2 Samuel 4:1-6:23
This morning was filled with many distractions on top of a difficult Bible passage. The Bible is not always comforting, it's challenging, stretching and maybe even upsetting. That's how I feel this morning.
2 Samuel 6 is really challenging me right now. God strikes a man down? David is angry and afraid of God? David is a polygamist and kind of a mean guy to some of his wives? There's a lot in this chapter and if you want to read this blog post you should stop right here and go read that chapter so we are on the same page.
I knew there were probably important details in this chapter that I couldn't understand in this passage. I kept rereading it and pondering it for several hours and finally looked up a commentary that helped me.
I couldn't understand why God would strike Uzzah down for what seemed such an innocent thing: trying to help the ark of God not fall. And then I couldn't understand how David could suddenly go from scared and angry to joyfully bringing the ark back into Israel. This commentary helped me see the key detail I wasn't seeing. Uzzah was carrying the ark on a cart, but "the ark was designed to be carried (Exodus 25:12-15) and was only to be carried by Levites of the family of Koath." 2 Samuel 6 describes Uzzah reaching out to touch the ark as an irreverent act, but it seems that he was already in the middle of doing something irreverent. He had decided for himself how the ark should be carried.
Apparently David realizes this (1 Chronicles 15). When he eventually brings the ark back he does it the right way. It doesn't say Levites carried the ark, but it does say it is being carried. And his worship is very different. It's far more genuine and selfless now.
I feel a lot better about this story thanks to the details that commentary highlighted for me. But I still not satisfied with David the polygamist. I'm still not happy with David the kind of mean husband.
His treatment of Michal is upsetting to me. He loved her and then Saul took her away from him, that sucks. But then after David has other wives he brings Michal back even though it seems she is happily married to another man who loves her. Why? It seems harsh. And now, yes, Michal is clearly embarrassed and critical of her husband's emotional and vulnerable display of worship, and that's not cool. But it says the Michal never has children, and I have to believe that's probably because David neglected her for the rest of her life then.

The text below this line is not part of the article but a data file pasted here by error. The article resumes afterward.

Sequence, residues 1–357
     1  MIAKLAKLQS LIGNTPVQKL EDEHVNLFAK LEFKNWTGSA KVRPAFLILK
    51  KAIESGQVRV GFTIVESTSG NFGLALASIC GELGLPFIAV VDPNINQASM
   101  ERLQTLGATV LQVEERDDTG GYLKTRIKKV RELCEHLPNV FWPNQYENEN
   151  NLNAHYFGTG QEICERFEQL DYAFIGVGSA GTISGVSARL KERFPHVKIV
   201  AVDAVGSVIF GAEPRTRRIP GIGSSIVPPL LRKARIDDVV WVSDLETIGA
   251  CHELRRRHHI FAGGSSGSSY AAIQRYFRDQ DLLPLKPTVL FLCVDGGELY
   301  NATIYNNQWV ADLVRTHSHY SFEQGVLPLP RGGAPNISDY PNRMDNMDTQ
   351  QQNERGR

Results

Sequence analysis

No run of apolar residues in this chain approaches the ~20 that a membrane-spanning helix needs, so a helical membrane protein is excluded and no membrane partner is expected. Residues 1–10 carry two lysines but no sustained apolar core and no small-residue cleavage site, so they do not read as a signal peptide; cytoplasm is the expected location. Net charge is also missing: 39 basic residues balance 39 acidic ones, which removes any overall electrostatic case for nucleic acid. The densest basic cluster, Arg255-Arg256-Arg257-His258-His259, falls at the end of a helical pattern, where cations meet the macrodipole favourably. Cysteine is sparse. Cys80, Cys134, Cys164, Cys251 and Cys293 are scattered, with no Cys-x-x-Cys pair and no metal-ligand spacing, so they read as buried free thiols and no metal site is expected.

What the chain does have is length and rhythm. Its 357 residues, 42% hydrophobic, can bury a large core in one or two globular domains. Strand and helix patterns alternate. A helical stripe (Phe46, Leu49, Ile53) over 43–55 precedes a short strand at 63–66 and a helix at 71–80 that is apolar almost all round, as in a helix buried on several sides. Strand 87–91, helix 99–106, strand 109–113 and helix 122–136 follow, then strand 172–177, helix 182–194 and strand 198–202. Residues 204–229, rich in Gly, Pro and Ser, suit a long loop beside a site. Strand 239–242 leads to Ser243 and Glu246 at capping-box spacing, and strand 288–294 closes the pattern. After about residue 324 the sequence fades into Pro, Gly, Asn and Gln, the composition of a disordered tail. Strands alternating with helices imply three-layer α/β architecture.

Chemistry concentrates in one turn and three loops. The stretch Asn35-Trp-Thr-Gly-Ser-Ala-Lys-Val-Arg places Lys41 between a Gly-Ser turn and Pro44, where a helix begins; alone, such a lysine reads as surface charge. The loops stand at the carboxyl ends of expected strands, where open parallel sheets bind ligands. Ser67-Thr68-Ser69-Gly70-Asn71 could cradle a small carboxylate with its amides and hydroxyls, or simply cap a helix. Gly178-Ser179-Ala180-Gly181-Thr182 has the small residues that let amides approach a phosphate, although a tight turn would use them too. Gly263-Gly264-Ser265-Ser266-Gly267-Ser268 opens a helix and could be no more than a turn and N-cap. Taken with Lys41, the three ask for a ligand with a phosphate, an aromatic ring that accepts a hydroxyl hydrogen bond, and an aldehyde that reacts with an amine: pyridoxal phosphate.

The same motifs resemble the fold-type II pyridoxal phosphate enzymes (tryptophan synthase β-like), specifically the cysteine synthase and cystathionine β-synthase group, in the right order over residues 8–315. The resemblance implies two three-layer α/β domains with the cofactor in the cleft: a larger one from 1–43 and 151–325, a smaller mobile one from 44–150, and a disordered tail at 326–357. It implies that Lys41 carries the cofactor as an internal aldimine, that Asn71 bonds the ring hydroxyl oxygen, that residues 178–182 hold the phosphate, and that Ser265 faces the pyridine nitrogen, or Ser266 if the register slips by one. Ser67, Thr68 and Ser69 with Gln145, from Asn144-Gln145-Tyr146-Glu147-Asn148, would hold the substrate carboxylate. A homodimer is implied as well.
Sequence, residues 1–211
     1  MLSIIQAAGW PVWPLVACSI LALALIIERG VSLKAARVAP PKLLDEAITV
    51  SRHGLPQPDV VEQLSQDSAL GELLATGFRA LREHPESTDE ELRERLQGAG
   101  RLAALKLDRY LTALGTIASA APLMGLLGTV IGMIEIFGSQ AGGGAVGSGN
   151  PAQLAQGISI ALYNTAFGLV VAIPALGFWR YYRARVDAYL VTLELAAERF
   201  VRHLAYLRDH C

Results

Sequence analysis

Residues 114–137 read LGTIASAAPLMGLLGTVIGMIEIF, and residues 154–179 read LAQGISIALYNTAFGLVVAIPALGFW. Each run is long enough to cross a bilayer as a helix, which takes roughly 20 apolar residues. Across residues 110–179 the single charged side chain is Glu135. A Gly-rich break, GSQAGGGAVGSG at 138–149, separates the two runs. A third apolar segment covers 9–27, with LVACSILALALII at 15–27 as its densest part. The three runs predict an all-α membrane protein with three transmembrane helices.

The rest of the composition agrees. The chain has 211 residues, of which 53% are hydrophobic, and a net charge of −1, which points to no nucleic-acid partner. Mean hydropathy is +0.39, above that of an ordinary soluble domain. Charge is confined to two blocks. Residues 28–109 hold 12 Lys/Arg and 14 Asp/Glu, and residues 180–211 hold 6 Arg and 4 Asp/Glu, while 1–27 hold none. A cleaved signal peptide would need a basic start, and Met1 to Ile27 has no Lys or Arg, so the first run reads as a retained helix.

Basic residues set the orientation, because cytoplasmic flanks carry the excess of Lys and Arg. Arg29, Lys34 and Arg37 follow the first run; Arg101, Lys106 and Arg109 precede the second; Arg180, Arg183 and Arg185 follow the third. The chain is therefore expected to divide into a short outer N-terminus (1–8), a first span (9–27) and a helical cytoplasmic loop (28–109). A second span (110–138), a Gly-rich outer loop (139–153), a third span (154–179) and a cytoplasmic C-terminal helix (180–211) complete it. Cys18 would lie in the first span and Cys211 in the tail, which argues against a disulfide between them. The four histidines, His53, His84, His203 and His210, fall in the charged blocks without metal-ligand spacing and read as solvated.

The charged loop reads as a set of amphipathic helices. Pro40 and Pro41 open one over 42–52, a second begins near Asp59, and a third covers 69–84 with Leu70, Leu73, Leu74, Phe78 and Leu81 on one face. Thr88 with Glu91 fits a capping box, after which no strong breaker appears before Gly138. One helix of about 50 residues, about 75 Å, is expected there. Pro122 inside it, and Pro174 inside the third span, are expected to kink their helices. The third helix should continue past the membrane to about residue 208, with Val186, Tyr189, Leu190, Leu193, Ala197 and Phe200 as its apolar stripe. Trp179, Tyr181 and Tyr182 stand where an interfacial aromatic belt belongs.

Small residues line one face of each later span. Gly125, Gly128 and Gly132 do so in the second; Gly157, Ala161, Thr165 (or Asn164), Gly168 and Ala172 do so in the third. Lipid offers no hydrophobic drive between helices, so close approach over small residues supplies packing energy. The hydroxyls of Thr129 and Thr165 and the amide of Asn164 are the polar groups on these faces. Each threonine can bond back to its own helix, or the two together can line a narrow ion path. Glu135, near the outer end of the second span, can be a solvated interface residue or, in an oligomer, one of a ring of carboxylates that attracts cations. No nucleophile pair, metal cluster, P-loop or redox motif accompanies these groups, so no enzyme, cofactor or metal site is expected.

It all seems confusing and harsh and I don't know, maybe David is acting justly. I think though that this whole storyline would be a lot easier for me to stomach if David wasn't a polygamist. If that ingredient was taken out of the story it would be much simpler. But he has many wives and he will continue to accumulate wives. That's a theme in the Old Testament, so I don't think I need to work it all out right now. I'll have plenty of time to write about it in this blog. I'm not ignoring it, it bothers me, and maybe I'll find a commentary to help me sit with it. But I'm going to let it bother me for a little longer, we have the freedom to do that.
To wrap this story up though, I think it's clear that David is making a very good point about worship. Genuine worship cannot be just a show, but we can't be afraid to let it show.
Whoa, I did not mean for that to be such a soundbite, it just came out, I both love and hate that!
Genuine worship cannot be just a show, but we can't be afraid to let it show.
Right now in the present state of things with COVID-19 and quarantine, "doing church" and worshiping together looks so different. Churches are live streaming services, producing lots of online contact, having "drive-by" celebrations, drive-in church, zoom small groups, etc. Some of these make worship feel more like "just a show" and some of these make worship feel more genuine. I think it's something we all have to answer for ourselves, "how can I worship genuinely in this season?" Here's a picture of my sisters and I with a favorite zoom background, just for fun.
In the story of 2 Samuel 6 the worship is more celebratory than we might experience during COVID-19, but it also might be the perfect example for us right now. David is celebrating even though he's been grieving and struggling to understand God and why He lets terrible things happen. It's worshiping a God who is holy, who cares how we worship, and who sees a bigger picture than we do. "I will celebrate before the Lord. I will become even more undignified than this..." How can we enter into that as we stay home, as we gather and worship over a computer screen, as we maintain a proper 6-foot-distance from our fellow believers? It's still possible under these new circumstances to worship, because He is still worthy.